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Barriers to Mental Health Care for Veterans

When it comes to mental health care for veterans, getting help is not always as simple as it should be.

Society has gotten much better at recognizing the need for improved access to mental health treatment. However, several barriers exist in the veteran community that may prevent a veteran in need from accessing appropriate mental health and behavioral health care. Providing adequate mental health care for veterans starts with identifying and addressing the barriers that can stand in the way. This includes the lack of mental health services for veterans and the stigma surrounding getting care.  

Here’s what to know about the issues veterans may face accessing care, including resources that may help.

Mental Health and Veterans: Statistics

It’s estimated that as many as one in four veterans return from active duty with a mental health condition. Among these individuals, rates of post-traumatic stress disorder (PTSD) are 15x higher than the general civilian population, and rates of depression are 5x higher.

Veterans also face a significant risk of a substance use disorder. A 2017 study noted that roughly 11% of veterans seeking care in the VA system present with symptoms of substance use disorder—and that number is likely much higher since it only includes those getting treatment. 

There are many reasons why a member of the armed forces may suffer from a mental health condition, starting with the trauma they may experience on the job. In addition, about one in three female military members and one in 50 male members report experiencing military sexual trauma.

Barriers to Veterans’ Mental Health Care

Barriers to veterans’ mental health care exist inside and outside of the service member community. And to get rid of these barriers, we must acknowledge their presence and look for active ways to help individuals overcome them.

Mental Health Stigma and Internalized Shame

All groups may experience a stigma around mental health disorders and treatment, though it is particularly prominent among veterans. This stigma, which can present as outside judgment from others or even internalized shame, may prevent an individual from seeking out treatment for a mental health condition in the first place—or even admitting to needing help since it may be perceived as a sign of weakness. It may also reduce the likelihood of following proper treatment protocols like medication management and follow-up care.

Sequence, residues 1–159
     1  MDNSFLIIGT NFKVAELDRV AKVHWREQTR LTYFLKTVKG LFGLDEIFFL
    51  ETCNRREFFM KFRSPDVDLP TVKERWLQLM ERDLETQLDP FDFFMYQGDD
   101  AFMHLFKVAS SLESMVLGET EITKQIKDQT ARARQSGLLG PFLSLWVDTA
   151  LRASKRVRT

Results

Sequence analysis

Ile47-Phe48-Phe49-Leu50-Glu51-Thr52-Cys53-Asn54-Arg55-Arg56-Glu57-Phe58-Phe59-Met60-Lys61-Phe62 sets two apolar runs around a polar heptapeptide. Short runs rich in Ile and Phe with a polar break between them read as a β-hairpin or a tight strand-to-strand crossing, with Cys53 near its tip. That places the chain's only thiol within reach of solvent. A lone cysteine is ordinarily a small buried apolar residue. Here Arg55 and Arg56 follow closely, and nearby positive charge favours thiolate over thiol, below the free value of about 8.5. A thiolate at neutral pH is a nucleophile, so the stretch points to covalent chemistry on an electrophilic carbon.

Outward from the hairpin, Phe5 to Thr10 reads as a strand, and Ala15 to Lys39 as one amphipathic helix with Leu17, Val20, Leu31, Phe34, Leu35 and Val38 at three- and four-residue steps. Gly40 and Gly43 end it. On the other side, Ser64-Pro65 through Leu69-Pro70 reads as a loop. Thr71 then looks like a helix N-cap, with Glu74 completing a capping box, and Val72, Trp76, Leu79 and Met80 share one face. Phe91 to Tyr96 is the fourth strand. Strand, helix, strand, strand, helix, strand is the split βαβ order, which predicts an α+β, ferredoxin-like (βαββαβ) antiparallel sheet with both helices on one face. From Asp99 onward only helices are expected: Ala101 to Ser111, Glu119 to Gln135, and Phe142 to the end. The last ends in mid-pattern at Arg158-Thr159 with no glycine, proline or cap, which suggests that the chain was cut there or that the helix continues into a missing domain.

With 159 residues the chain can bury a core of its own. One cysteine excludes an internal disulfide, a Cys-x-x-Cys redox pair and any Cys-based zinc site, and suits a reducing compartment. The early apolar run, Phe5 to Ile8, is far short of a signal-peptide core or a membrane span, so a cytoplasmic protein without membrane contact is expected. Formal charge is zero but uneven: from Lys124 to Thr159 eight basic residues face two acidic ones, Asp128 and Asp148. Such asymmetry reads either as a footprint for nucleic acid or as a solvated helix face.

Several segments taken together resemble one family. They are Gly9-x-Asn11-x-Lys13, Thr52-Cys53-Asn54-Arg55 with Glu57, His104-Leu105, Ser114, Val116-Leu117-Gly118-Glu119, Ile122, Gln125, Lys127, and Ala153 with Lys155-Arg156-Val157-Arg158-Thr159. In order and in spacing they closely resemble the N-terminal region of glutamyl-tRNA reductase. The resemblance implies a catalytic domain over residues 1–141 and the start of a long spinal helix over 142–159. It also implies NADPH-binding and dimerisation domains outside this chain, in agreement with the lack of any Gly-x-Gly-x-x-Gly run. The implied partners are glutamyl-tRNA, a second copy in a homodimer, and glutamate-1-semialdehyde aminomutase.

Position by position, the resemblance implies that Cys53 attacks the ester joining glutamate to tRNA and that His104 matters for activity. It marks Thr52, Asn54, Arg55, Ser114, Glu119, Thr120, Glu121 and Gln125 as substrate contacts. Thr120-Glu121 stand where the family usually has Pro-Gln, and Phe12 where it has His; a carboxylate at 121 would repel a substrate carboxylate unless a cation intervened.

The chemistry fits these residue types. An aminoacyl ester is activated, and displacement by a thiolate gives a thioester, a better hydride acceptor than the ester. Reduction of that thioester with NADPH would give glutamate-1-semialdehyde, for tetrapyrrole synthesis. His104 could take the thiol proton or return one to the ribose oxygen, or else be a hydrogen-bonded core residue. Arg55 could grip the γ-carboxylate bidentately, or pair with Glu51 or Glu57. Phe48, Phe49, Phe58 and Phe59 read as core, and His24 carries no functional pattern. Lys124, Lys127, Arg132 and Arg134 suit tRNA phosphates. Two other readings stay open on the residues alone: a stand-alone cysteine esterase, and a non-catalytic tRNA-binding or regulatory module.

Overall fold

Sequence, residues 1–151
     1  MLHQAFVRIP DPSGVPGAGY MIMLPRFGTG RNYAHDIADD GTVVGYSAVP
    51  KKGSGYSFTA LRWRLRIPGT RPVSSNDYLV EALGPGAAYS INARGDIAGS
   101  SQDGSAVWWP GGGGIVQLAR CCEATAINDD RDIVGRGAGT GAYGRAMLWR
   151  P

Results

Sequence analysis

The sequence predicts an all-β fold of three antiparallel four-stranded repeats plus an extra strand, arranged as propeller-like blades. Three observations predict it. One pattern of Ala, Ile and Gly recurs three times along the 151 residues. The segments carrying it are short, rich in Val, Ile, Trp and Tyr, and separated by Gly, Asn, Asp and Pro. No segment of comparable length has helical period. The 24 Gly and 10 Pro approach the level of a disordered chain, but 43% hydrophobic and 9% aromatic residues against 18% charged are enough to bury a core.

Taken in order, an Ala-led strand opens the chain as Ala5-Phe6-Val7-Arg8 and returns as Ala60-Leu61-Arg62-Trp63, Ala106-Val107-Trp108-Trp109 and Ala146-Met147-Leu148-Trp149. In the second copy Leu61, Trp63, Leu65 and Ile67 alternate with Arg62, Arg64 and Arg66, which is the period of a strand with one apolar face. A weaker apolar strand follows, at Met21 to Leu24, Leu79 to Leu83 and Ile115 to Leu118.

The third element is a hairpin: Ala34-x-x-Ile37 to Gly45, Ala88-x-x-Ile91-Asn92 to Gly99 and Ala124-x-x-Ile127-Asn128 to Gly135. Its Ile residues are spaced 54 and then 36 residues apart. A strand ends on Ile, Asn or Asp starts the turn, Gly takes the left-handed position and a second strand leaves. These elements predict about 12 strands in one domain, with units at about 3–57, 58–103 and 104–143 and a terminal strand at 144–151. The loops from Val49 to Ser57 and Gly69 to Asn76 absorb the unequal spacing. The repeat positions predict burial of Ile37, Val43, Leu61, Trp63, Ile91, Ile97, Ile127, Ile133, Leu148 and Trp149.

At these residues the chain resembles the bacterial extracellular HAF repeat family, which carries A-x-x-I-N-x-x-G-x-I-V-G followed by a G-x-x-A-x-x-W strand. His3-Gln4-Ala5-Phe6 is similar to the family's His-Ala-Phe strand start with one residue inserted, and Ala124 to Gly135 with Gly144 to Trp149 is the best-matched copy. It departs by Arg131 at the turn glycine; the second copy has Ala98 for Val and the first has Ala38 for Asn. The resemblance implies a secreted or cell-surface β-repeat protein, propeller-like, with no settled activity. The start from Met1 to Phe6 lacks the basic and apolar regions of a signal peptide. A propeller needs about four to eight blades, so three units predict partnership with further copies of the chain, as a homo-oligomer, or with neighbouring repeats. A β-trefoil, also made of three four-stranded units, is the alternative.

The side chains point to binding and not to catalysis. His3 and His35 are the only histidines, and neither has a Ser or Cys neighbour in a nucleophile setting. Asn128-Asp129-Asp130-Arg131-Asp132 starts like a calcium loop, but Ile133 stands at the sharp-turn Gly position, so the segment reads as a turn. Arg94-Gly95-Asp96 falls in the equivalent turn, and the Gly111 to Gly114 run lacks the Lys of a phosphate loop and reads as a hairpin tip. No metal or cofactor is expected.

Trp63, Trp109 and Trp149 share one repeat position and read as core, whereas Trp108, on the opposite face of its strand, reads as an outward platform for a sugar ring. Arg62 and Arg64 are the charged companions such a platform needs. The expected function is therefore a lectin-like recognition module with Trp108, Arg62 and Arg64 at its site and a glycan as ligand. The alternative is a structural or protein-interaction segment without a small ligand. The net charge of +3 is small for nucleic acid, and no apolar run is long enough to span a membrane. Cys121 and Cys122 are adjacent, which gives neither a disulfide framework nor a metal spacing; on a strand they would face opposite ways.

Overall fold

Finding the Right Program

Veterans in need of mental health care benefit from treatment targeted to their unique situation and experiences. This can limit the number of available treatment options and make it very difficult to find a viable option that is convenient and affordable. 

Previous Bad Experiences

Veterans who have difficulty finding a program that works for them may give up after struggling to find the right fit. A bad experience with treatment could also lead a person to believe they cannot be helped, especially if they are unaware of better options.

Are We Doing Enough for Veterans’ Mental Health?

It’s essential to be open to understanding the mental health concerns facing veterans and the access to care they may experience. By doing so, we can all do our part to help break the stigma and encourage veterans to seek proper mental health care without guilt or shame.

Veterans looking for support can start with a discussion with their doctor, a mental health professional, or a local VA health center. It is also recommended to look into veteran-specific treatment programs. 

Retreat Behavioral Health has worked with the veteran community for many years at our locations in Pennsylvania and Florida. In addition to specialized programs, Retreat employs veterans at these facilities, providing our veteran patients with the added benefit of working with someone who understands their struggles. To learn more about the Healing Our Heroes program, visit us online.